Councillors backed a resolution of support for a proposed increase in HST that would assist municipalities with infrastructure costs.
Association of Municipalities of Ontario (AMO) senior policy advisor Matthew Wilson gave councillors an update on the Local Share plan during last week’s committee-of-the-whole meeting. The committee supported a resolution confirming Prince Edward County’s support of the plan. It will go forward to council on Oct. 24 for approval.
AMO’s proposal is to add one per cent to the 13 per cent HST, with the additional tax being dedicated to infrastructure funding. After rebates for low-income Ontarians and administration costs, the plan is projected to produce $2.5 billion annually. The dollars would be collected at the provincial level and be redistributed to all municipalities based on an allocation formula. For Prince Edward County, it could mean an additional $6.58 million per year in additional infrastructure funding.
The plan was presented to all major party leaders in August and all three rejected the concept.
Last Thursday, Wilson said it’s a $4.9-billion challenge shared by 444 Ontario municipalities and one AMO believes it will take time to bring party representatives on board with.
“It isn’t a sprint, it’s a marathon,” he said.
He said the Local Share concept can be part of a long-term solution to municipalities’ infrastructure woes.
“What we’re all about is really imagining a prosperous future for our communities,” said Wilson. “How can we find a path towards meeting the needs we know we have, addressing infrastructure deficit, and trying to manage, in a better way, some of the property tax increases people face across Ontario.”
He said the plan has been put together over the last couple of years, beginning with AMO member consultation back in the spring of 2015. After spending time in working groups, working with special advisors, and distilling options from fall 2015 until now, AMO has begun to present the Local Share plan to its membership.
Wilson said there were several guiding principles for the plan. It had to be strategic and forward-thinking, it had to be flexible, accountable, and transparent. It also had to be fair, equitable, and sustainable. He said the one per cent increase in HST was measured against 44 other options, including a one to 10 per cent municipal fuel tax, income tax, and a new vehicle registration fee.
“We put all those through a filter to narrow down some of the options,” Wilson said.
Ultimately, Wilson said AMO landed on the one per cent increase in HST. The additional tax would fund roads, bridges, and transit and help reduce pressure on property tax bills, he said.
Wilson said it’s a bold step, but one that may be necessary given the province’s finances. The 2017 provincial budget shows debt of $341 billion with the provincial financial accountability officer projecting further deterioration. He said with that in mind, one has to question the likelihood of additional financial help coming from the province.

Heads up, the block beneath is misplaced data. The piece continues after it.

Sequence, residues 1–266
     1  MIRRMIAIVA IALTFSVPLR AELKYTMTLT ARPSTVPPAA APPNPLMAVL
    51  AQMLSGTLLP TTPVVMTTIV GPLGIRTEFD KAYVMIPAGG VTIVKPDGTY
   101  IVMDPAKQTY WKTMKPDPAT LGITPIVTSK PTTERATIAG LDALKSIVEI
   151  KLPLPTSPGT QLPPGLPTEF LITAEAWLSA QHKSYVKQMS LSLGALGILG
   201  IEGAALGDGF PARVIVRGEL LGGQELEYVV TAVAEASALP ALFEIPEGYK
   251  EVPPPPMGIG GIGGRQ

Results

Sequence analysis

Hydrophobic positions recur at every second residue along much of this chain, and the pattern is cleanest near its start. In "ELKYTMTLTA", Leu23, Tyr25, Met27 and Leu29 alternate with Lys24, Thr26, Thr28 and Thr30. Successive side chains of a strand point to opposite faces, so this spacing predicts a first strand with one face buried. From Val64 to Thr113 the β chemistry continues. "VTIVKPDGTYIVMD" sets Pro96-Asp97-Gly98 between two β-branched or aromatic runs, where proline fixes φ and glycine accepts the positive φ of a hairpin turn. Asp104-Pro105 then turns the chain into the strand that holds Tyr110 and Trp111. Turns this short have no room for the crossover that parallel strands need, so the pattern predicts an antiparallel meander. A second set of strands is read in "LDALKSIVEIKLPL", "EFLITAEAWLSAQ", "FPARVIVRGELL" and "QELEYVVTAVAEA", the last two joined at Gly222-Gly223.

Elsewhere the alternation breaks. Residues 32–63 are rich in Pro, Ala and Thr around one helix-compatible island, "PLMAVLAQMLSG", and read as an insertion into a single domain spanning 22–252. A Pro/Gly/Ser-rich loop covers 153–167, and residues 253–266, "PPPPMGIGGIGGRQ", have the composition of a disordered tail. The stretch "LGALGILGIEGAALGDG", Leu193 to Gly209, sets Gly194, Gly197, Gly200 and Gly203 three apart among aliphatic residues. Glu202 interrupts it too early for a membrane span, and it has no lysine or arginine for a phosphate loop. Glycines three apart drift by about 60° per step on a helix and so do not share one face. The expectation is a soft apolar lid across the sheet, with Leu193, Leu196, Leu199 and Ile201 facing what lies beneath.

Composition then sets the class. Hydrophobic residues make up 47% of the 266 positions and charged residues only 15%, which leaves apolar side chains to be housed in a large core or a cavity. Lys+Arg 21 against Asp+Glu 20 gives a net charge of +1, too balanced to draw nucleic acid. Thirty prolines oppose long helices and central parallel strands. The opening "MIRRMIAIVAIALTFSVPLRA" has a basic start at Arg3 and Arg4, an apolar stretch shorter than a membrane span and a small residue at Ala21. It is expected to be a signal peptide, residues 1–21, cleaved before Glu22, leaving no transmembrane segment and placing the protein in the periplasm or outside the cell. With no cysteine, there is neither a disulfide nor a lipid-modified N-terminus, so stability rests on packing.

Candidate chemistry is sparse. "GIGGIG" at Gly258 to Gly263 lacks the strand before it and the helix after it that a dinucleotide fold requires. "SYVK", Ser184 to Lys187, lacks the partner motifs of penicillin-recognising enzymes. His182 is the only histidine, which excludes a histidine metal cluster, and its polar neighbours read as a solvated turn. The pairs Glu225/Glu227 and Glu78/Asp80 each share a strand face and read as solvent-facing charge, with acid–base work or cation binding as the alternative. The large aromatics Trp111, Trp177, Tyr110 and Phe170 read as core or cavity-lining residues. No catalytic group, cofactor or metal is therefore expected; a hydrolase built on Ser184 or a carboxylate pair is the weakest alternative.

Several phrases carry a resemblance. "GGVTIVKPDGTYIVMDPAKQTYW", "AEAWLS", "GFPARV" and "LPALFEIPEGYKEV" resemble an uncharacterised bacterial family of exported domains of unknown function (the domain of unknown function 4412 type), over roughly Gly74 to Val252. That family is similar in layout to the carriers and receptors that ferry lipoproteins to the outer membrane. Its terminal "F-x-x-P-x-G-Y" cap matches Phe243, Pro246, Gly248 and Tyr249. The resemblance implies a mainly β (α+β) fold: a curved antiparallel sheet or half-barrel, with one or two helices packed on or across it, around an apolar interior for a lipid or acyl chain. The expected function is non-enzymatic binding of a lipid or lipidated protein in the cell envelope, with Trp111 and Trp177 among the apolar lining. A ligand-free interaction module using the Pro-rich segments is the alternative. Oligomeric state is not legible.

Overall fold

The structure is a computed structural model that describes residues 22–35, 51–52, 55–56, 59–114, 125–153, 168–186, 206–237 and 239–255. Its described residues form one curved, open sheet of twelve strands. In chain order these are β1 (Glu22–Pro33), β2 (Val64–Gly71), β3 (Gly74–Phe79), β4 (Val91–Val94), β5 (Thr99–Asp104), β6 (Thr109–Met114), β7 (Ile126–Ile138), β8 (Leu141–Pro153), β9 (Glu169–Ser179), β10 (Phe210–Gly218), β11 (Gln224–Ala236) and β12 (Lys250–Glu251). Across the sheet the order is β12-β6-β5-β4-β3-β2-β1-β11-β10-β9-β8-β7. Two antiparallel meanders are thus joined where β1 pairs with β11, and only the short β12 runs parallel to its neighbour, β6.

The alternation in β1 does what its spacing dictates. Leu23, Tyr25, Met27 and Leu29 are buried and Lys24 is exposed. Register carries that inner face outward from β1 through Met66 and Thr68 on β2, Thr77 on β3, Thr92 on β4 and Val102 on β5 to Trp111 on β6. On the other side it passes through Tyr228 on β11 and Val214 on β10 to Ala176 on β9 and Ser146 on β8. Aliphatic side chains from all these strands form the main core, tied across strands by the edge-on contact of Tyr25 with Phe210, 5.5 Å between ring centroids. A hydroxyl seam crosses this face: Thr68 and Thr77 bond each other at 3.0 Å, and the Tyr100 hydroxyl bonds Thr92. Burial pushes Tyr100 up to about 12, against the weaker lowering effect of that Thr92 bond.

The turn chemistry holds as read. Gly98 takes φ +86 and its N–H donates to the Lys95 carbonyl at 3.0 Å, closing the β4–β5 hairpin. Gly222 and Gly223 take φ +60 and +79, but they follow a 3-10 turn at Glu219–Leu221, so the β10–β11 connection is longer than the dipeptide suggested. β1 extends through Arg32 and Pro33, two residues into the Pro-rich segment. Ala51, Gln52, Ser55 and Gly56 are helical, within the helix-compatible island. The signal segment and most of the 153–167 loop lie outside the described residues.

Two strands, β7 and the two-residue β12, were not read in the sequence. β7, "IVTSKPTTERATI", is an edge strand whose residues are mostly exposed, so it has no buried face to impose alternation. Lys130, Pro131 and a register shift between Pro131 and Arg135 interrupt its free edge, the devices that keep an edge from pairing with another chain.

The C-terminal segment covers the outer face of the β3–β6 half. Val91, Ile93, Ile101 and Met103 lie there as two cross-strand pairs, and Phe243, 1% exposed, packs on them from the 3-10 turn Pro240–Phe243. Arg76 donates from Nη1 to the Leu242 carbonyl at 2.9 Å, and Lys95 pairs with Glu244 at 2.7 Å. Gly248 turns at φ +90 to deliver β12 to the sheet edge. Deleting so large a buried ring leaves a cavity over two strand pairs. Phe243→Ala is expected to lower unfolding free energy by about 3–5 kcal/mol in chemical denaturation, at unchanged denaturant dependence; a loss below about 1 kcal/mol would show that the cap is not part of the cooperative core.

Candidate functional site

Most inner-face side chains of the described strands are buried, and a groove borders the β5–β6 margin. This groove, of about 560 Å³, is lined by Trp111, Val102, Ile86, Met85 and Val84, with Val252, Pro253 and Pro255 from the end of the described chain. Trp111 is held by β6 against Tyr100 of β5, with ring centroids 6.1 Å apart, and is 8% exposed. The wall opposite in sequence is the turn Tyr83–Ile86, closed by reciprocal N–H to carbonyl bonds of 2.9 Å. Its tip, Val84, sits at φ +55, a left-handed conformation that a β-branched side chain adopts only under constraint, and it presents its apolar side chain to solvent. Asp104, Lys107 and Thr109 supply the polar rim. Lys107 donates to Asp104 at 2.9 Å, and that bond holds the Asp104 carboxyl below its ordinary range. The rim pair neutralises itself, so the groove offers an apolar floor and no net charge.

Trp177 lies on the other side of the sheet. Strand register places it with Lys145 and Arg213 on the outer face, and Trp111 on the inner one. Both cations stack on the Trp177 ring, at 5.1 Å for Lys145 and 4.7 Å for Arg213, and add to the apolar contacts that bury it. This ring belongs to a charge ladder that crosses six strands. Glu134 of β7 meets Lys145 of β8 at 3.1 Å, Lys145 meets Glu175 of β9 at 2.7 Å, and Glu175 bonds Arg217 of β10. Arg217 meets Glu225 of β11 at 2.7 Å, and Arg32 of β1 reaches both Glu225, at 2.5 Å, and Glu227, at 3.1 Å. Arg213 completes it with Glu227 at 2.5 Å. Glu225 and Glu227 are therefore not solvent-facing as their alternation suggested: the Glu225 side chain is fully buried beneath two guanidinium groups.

“When you’re at a negotiating table, you also have to understand the interests of the other side,” he said. “… The long-term outlook for the provincial financial situation is not fantastic.”
With the Local Share plan, Wilson said municipalities could diversify their revenues, reduce the $4.9-billion infrastructure gap by half, and could help lessen municipalities’ vulnerability to policy chances at the federal and provincial levels. He said it would be predictable funding that could facilitate long-term financial planning for infrastructure.
Wilson said there would be a sliding scale approach to the distribution of the funding that would be calculated per household. In the County, it could represent an additional $6.58 million annually for infrastructure work, he said.
Mayor Robert Quaiff sits on the AMO board of directors and is chair of the Eastern Ontario Wardens’ Caucus. He supported the resolution, saying municipalities are often told to think outside the box.
“This is basically what AMO has done, they have thought outside the box,” he said. “… I look at $6.58 million coming into Prince Edward County, I think that’s a win for us for sure.”
Councillor Jamie Forrester also supported the resolution.
“This is a problem that we have to start taking seriously,” he said. “We talk about it every year and nobody else has come up with an idea to fix it.”
He suggested the plan could at least begin a dialogue with the province.
While the majority supported the resolution, those opposed to the motion spoke of affordability.
“I don’t think this is thinking outside the box at all and I don’t think it’s something new,” said councillor Dianne O’Brien. “It’s what we always do, we always go back to the taxpayers and raise taxes.”
She said supporting the resolution was tacit agreement to raising taxes.
Councillor David Harrison said he wouldn’t support adding to the provincial sales tax. He said the price of goods and services increases every year, which translates into increasing annual tax revenue for the provincial government. He argued those dollars should be enough.
“There’s only one cow to be milked here and it’s the taxpayer,” he said. “At the end of the day, I can’t support it.”